Listening to the “Birth of the Global Mind”

Posted · Add Comment


Wikipedia defines synchronicity as “the experience of two or more events that are apparently causally unrelated or unlikely to occur together by chance, yet are experienced as occurring together in a meaningful manner. The concept of synchronicity was first described in this terminology by Carl Gustav Jung, a Swiss psychologist, in the 1920s.”

It was the only way I could describe the last few days. Starting with one of the most brilliant presentations I have ever seen by Tim O’Reilly on the “Birth of the Global Mind,” I found myself reporting on the Social Good Summit. The event was a three-day conference, held on September 22-24 during the United Nations week, where big ideas met new media to create innovative solutions.

In a very real way, the conference gave rise to a whole new way of defining the UN in the Digital Age, but that’s another post. This year, the Social Good Summit brought together an amazing and diverse group of global thought leaders to discuss how innovative thinking and technology can help solve the greatest global challenges.

The Big Question is: How can we unlock the potential of new media and technology to make the world a better place, and then translate that potential into action?

Google Earth

The stated goals of this year’s summit were:

  • Bringing together a new dynamic community of leaders (and followers) — technologists, innovators, social entrepreneurs, bloggers, and more.
  • Raising awareness for the global challenges to be addressed by the General Assembly during UN Week.
  • Discovering, encouraging, and showcasing new and innovative solutions to those global challenges.
  • Igniting a conversation between a live audience and a worldwide audience via Livestream.
  • Connecting leaders already working in the social good space with technologists and other leaders who can collaborate and share best practices.
  • Creating a sustainable thought-leadership forum that sparks important discussion and inspires new solutions.

According to one of the key sponsors, Zaw Thet, Founder and Executive Chairman, Palindrome Advisors, and member of UN Foundation’s Global Entrepreneurs Council:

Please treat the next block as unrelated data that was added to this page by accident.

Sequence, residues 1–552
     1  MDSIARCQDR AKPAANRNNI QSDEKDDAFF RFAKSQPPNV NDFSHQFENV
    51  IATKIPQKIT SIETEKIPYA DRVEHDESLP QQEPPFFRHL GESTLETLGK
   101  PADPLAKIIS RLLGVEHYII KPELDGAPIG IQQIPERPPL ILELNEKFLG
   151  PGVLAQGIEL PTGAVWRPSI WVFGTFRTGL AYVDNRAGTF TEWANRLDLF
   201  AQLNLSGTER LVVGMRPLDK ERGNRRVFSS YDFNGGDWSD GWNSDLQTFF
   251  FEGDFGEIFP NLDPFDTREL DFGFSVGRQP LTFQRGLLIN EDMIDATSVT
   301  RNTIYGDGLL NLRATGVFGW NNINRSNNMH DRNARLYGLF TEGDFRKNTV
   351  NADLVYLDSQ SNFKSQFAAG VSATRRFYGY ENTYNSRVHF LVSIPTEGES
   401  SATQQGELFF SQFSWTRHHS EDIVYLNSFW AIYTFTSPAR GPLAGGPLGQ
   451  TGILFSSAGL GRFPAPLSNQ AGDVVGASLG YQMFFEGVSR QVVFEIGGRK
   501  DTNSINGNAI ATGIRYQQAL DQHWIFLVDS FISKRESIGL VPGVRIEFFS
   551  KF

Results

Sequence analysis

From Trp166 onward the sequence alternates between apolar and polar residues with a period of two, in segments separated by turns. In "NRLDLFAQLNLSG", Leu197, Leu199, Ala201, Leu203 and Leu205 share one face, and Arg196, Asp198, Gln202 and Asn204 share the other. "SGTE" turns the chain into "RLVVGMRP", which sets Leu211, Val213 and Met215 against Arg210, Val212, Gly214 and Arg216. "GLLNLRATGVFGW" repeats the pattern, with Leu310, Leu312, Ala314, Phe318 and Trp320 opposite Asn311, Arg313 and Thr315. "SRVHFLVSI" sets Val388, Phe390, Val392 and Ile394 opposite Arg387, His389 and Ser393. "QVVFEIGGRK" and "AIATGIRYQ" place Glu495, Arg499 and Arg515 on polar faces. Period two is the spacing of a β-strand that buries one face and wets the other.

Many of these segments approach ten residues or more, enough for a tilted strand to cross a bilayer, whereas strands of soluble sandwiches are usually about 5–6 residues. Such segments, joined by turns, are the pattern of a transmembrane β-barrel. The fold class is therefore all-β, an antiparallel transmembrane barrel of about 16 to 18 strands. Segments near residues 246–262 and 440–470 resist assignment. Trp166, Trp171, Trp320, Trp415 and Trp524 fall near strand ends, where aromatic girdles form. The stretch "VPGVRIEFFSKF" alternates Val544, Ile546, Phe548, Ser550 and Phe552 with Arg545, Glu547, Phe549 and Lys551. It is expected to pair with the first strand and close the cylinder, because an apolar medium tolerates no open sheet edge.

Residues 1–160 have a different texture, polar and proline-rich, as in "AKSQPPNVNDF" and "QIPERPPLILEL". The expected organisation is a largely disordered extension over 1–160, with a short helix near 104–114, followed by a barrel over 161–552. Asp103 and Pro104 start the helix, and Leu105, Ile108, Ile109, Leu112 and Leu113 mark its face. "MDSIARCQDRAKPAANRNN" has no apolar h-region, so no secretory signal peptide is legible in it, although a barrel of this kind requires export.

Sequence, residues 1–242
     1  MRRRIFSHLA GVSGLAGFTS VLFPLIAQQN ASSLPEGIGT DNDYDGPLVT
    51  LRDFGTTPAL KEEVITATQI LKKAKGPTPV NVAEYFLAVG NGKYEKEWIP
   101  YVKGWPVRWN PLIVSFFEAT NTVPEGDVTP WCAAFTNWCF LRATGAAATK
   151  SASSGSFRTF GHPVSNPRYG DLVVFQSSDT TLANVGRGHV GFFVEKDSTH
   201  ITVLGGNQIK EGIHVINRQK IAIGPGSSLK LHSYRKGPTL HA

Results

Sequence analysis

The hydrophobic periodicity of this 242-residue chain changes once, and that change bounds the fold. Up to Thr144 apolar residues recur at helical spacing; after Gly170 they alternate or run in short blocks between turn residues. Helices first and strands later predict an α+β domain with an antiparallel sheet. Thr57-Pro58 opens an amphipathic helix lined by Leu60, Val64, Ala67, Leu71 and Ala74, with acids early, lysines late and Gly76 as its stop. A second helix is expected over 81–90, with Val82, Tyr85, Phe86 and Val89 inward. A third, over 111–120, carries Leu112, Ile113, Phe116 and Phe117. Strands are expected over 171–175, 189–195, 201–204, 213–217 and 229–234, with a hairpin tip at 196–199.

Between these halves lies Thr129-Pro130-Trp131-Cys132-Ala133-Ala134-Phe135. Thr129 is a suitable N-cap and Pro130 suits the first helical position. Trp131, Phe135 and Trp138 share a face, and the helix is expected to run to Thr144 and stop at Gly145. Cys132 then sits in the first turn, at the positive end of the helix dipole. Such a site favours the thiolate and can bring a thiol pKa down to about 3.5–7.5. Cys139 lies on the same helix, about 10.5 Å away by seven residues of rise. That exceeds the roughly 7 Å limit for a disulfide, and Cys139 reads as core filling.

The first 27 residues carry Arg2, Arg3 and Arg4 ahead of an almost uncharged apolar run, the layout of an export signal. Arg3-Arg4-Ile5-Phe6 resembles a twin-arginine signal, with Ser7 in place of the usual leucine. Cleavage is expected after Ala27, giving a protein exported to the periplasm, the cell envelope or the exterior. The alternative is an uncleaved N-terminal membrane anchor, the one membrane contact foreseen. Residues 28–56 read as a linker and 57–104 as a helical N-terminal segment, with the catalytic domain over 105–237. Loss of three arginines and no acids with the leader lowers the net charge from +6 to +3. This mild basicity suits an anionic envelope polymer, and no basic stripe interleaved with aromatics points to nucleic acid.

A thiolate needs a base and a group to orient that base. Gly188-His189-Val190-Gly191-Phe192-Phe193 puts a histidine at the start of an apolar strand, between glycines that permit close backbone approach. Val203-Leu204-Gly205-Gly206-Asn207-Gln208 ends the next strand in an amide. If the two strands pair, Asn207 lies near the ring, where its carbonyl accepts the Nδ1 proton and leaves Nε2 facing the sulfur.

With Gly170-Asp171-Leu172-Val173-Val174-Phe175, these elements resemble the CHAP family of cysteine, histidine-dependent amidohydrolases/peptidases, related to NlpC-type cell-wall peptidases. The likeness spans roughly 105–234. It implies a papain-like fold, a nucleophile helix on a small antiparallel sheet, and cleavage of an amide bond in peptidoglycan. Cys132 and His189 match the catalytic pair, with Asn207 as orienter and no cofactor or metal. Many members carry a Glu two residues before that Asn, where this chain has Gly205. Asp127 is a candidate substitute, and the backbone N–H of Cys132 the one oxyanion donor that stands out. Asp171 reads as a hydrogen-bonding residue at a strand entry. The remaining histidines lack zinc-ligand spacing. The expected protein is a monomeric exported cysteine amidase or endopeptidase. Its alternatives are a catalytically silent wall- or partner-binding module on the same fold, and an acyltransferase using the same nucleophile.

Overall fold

[T]he United Nations Foundation unveiled the Global Good Challenge… The Foundation’s largest and most ambitious digital initiative to date, the Global Good Challenge rewards participants with unique prizes for ‘donating their voices’ by taking action and engaging their online networks to support the work of the United Nations. […]

Those who take the Challenge will raise awareness and take action to help the United Nations prevent malaria with Nothing But Nets, empower girls with Girl Up, and protect children from preventable diseases with Shot@Life. Now through mid-November, global citizens can sign up for the Global Good Challenge at or, and join the conversation on Twitter: #GlobalGood and @unfggc.

Synergy. Tim O’Reilly talked about the global mind, a planet united by technology that for the first time in history can work as one on the problems faced by all of us. And the Social Good Summit was all about how we can use technology to make it happen.

The “Birth of a Global Mind” is a long presentation, and I’ll just point to it here and recommend you watch it.

You can also follow the progress of the ideas that were hatched at the summit. This year’s Social Good Summit was the most engaging one yet as people from around the world, in both the developed and the developing countries, from Beijing and Nairobi and all points in between, united in person and online to participate in The Global Conversation.

The summit centered around the world’s largest conversation on how technology can grow communities and improve life for all of us as we move toward being a networked society, aka global mind. It was just the beginning of the global conversation about collaboration and innovation at the intersection of a global technology.

I just wish I knew where to send the card congratulating the Earth on the birth of the global mind.

Source: “Tim O’Reilly: Birth of the Global Mind,”, 09/05/12
Source: “What to Expect from the 2012 Social Good Summit,” YouTube, 09/06/12
Source: “The Global Good Challenge — Engaging New Networks of Supporters on Global Issues,” The Huffington Post, 09/25/12